One Sunday, while I was enjoying the most interesting part of church — juice and cookies afterwards — I heard an older man was talking about the joy of feeling the presence of Jesus in every part of his daily life, and I remember thinking that he looked kind of dazed and sounded so child-like.  It felt really uncomfortable, since I was about 10 years old at the time.

Religion has begun to worm its way into our everyday lives, whether we want it or not, and it’s just not okay.  In fact, it’s destructive to the secular world, as well as to religion.  It’s not the American way, and openly saying that I am an atheist (feminist/Liberal/Socialist, etc) is a way of saying “NO, this has gone too far.  Get a fucking grip, people.”

This is our daily open thread — Discuss this topic or whatever.

Sunday Roast: Until we could

Poem by Richard Blanco

I knew it then, in that room where we found for the first time our eyes, and everything— even the din and smoke of the city around us— disappeared, leaving us alone as if we stood the last two in the world left capable of love, or as if two mirrors face-to-face with no end to the light our eyes could bend into infinity.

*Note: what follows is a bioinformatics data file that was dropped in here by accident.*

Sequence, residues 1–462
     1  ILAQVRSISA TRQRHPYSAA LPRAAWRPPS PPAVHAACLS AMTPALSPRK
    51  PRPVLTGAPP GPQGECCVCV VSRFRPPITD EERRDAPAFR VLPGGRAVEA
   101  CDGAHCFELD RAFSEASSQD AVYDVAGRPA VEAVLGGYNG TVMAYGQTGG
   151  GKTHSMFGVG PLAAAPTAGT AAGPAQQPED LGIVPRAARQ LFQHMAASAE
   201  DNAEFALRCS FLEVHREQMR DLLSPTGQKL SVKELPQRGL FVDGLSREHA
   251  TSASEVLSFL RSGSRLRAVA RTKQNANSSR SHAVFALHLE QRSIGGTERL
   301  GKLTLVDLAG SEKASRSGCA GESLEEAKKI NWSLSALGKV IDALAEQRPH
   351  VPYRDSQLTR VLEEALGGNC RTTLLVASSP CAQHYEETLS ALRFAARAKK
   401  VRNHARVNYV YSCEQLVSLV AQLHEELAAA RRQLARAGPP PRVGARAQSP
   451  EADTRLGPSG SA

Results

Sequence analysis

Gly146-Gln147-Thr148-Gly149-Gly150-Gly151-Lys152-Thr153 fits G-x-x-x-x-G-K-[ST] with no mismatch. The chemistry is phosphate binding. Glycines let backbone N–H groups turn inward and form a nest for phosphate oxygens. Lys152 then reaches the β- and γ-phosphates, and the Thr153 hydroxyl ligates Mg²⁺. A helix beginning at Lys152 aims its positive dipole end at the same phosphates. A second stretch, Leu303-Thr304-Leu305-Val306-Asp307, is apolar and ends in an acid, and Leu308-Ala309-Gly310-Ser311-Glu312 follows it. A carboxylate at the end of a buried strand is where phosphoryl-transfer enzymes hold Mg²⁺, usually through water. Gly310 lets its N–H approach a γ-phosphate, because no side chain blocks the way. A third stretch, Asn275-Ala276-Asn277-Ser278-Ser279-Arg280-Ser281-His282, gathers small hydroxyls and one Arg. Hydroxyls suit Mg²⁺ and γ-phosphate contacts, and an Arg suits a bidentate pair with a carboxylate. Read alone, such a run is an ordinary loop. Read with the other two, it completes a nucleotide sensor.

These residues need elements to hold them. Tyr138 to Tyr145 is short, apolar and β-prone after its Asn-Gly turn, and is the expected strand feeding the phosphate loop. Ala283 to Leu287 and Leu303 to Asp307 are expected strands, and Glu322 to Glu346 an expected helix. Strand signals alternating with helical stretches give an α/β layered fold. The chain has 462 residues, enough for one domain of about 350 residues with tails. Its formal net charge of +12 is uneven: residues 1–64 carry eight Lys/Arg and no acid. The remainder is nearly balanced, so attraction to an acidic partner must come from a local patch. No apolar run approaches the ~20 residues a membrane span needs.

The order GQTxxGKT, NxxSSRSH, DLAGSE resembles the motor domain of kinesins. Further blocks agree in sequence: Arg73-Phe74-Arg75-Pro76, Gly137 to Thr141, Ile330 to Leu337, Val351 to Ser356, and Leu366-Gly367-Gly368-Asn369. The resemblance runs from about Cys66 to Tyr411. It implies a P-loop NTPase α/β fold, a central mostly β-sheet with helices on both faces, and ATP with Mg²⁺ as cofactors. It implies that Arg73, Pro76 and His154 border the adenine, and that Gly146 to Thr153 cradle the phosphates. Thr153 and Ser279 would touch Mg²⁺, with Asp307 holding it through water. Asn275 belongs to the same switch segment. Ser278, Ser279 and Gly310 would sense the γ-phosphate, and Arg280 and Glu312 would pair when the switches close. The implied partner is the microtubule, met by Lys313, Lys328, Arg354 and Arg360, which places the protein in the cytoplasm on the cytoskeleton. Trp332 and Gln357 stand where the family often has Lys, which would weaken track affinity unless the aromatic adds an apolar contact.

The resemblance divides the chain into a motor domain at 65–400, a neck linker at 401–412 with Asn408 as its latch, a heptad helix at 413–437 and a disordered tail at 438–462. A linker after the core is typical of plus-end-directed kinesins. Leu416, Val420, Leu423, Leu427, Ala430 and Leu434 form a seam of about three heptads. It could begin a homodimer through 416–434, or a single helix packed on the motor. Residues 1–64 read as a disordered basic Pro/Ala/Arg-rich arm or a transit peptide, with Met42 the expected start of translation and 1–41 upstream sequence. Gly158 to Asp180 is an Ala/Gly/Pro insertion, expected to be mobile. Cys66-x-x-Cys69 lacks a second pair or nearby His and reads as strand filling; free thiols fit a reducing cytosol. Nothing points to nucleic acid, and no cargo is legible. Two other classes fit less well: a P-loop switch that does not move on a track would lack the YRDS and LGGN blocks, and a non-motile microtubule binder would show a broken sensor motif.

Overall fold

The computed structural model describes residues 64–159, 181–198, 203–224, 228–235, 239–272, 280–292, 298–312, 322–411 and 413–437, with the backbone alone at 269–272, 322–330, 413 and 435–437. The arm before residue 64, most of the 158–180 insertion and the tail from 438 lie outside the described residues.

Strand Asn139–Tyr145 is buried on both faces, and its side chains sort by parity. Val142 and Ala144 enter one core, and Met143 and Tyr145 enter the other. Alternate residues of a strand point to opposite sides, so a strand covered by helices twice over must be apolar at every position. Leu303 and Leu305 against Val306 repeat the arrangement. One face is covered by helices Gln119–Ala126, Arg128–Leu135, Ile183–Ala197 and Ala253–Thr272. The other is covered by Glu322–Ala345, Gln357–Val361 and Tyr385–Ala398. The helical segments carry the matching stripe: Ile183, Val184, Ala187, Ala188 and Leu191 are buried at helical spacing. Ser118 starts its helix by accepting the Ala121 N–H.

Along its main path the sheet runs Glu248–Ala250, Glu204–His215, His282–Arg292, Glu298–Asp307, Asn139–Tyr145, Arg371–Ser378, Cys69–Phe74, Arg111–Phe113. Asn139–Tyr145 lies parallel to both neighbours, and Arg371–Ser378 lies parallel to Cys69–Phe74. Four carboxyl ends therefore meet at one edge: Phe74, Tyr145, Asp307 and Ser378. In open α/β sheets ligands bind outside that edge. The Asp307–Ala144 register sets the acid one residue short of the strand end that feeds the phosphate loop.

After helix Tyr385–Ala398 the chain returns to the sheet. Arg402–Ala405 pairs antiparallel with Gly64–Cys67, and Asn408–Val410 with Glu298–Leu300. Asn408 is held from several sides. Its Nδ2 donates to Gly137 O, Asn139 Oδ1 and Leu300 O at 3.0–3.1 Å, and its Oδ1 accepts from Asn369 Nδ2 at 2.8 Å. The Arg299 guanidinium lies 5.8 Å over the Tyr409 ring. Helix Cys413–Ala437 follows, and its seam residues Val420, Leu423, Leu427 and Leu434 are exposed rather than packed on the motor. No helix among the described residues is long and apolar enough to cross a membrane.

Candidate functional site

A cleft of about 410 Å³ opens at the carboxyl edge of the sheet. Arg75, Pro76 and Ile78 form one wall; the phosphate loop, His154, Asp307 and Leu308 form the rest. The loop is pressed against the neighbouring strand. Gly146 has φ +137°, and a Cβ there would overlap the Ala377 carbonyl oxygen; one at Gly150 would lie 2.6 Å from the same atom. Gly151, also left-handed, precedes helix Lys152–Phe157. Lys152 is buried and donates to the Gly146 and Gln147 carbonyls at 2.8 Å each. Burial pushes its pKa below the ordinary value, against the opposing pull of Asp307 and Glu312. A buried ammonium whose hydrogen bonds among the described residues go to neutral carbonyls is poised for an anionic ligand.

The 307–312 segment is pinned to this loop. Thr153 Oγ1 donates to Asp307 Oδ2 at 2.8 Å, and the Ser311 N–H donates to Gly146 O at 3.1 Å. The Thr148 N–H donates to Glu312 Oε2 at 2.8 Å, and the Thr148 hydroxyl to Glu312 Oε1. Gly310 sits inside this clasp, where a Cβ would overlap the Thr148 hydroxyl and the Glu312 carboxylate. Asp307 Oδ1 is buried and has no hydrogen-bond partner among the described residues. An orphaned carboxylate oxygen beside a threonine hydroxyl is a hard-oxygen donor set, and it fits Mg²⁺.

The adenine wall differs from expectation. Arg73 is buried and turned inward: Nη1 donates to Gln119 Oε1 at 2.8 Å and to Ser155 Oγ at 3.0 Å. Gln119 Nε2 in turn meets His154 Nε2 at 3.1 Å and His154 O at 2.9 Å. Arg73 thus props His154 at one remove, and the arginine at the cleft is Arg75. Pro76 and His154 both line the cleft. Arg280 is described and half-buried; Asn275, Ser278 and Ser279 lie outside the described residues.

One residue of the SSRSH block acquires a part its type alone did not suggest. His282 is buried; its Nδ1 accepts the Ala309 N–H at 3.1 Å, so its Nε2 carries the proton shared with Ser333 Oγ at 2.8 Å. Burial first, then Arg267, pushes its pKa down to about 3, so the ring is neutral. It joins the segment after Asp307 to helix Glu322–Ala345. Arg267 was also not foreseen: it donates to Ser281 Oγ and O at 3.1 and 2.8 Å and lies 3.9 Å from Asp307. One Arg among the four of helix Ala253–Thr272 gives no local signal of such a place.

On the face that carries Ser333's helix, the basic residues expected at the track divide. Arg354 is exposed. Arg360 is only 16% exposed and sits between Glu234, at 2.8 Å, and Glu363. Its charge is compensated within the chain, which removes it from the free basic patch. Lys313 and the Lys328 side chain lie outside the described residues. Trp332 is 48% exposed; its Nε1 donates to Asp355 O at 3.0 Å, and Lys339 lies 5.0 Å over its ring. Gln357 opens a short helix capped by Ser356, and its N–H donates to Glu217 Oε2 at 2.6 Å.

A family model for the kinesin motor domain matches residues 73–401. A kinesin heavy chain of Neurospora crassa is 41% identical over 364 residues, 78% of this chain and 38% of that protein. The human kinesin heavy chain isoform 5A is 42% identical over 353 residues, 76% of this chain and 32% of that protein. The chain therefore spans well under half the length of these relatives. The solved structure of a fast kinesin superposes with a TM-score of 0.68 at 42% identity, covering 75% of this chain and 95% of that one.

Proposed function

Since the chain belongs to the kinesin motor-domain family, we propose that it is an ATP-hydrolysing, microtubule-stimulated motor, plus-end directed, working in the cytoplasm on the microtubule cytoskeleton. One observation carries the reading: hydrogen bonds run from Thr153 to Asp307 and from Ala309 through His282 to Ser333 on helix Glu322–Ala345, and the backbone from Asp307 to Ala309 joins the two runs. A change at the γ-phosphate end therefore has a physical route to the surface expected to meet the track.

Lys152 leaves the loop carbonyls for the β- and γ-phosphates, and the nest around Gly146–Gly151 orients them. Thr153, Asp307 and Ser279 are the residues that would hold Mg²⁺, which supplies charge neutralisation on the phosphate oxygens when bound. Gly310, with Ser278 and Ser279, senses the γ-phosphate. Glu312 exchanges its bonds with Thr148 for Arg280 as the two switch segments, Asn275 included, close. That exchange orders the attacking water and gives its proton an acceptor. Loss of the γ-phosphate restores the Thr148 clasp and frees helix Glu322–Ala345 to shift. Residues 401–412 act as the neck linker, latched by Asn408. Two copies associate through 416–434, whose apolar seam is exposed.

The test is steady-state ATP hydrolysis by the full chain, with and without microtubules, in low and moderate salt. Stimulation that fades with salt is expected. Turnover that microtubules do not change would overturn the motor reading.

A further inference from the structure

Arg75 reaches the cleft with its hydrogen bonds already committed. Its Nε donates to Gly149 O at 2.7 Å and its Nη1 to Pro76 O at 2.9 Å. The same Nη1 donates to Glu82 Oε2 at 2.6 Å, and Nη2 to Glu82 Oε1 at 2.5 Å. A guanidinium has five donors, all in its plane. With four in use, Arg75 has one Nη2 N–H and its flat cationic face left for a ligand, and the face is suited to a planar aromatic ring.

I knew since I knew you—but we couldn’t…

I caught the sunlight pining through the shears, traveling millions of dark miles simply to graze your skin as I did that first dawn I studied you sleeping beside me: Yes, I counted your eyelashes, read your dreams like butterflies flitting underneath your eyelids, ready to flutter into the room. Yes, I praised you like a majestic creature my god forgot to create, till that morning of you suddenly tamed in my arms, first for me to see, name you mine. Yes to the rise and fall of your body breathing, your every exhale a breath I took in as my own wanting to keep even the air between us as one.

Yes to all of you. Yes I knew, but still we couldn’t…